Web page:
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RapReview Of The Week

[I Am the West] Ice Cube :: I Am the West
Lench Mob Records

Author: Steve 'Flash' Juon


Two years after "Raw Footage" proved that Ice Cube's rap career wasn't done yet, the self-proclaimed Mega Don of hip-hop has come back to make a powerfully broad assertion: "I Am the West." When tracking Ice Cube's relationship to hip-hop, he has routinely thrown a shoutout to the "Westside" or been the rest of America's Westside Connection to what's going on in Cali-for-nigh-A, but never until now has he proclaimed himself to be the ENTIRE West coast. Whether he means it figuratively (as in he inspired the majority of today's popular rappers from out West - a fair assertion) or literally (as in the West coast rap scene or perhaps the entire Western seaboard wouldn't exist without him) he's definitely not lacking in ego on this go around. Perhaps the lead single "I Rep That West" can expound upon this further:

"Don't you know that I rep that? Why you got to let that boy in the building?
Don't you know that, he about to kill them?
Don't you know that, he about to hurt y'all feelings
Cain't fire him, might as well play the villain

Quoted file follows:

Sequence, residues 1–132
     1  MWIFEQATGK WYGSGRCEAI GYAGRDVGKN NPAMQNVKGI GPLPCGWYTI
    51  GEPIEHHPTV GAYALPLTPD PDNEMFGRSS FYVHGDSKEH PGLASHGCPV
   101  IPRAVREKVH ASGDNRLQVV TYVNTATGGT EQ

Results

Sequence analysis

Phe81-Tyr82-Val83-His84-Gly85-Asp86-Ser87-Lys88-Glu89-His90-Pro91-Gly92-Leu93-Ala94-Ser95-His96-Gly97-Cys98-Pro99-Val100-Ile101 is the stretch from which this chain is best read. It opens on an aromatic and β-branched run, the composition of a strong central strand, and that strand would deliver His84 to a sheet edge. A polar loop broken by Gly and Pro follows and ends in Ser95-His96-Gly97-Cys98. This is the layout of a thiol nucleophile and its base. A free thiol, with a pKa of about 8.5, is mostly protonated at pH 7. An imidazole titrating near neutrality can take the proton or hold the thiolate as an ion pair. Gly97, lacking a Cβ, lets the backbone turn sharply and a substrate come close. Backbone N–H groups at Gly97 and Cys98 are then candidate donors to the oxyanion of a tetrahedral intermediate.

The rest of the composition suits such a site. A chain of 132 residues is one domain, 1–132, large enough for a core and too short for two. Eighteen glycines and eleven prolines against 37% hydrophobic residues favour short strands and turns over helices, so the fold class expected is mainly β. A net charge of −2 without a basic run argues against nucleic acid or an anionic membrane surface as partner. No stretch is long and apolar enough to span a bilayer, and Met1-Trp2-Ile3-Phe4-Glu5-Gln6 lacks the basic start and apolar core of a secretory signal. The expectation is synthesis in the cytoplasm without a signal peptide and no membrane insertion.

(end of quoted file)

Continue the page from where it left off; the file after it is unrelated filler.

I'ma get him (get him) why? Cause I cain't babysit him
I'm a whip 'em (whip 'em) treat 'em like bad-ass children
Is it evil? Y'all better call them people
How I get down, just ain't lethal
Money long, sorta like Louis Vuitton
I run this shit right here, call me marathon (BOOM)
I blow like a cherry bomb
You a small donation, bitch, I'm a telethon
West coast mill-ion, what is he really on?
Is it that shit, that niggaz go silly on?
Hell no, the pyroclastic flow is evident
(WESTSIDE!) And y'all know what I represent"

Okay Mr. Jackson, thanks for the clarification. The JIGG produced track makes it perfectly clear that Cube is not trying to claim the entire coast or Westside rap scene, he's just making it clear he's a big dog barking as loudly for his home as he possibly can. That's not to say Cube is above intimidation tactics and cult hero worship wherever possible -for a 25 year rap veteran he's got more swagger than a little bit. In fact he and producer Brandon Alexander might just be laying down enough funky game to get you to "Drink the Kool-Aid":

"This ain't Sinatra, this ain't The Carter
I am the chaperone nigga, who brought ya
I am the author, this is holy water!
From the Holy Father, the rock of Gibraltar
Step up to the altar, step up to the slaughter
Get circumcised son and turn into a daughter
Niggaz know they oughta, drink the fuckin Kool-Aid
Industry laid out authorities, they too late"

One thing I always look for on every new Ice Cube album though is not just whether his cocksure persona is in tact - it's whether or not he can still spit relevant fact about political truth to both the youth and his own generation. There were times in the late 1990's and early 2000's when Cube had clearly lost that fire, softened by both his acting success and the riches of rap royalties. Of late though Cube seems back on point as an orator of the hard truth, and although he's not as complex in wordplay or quick tongued as he was in his prime the steadier flow can be just as deadly (yo). There's plenty of poison in Jackson's pen on "No Country For Young Men":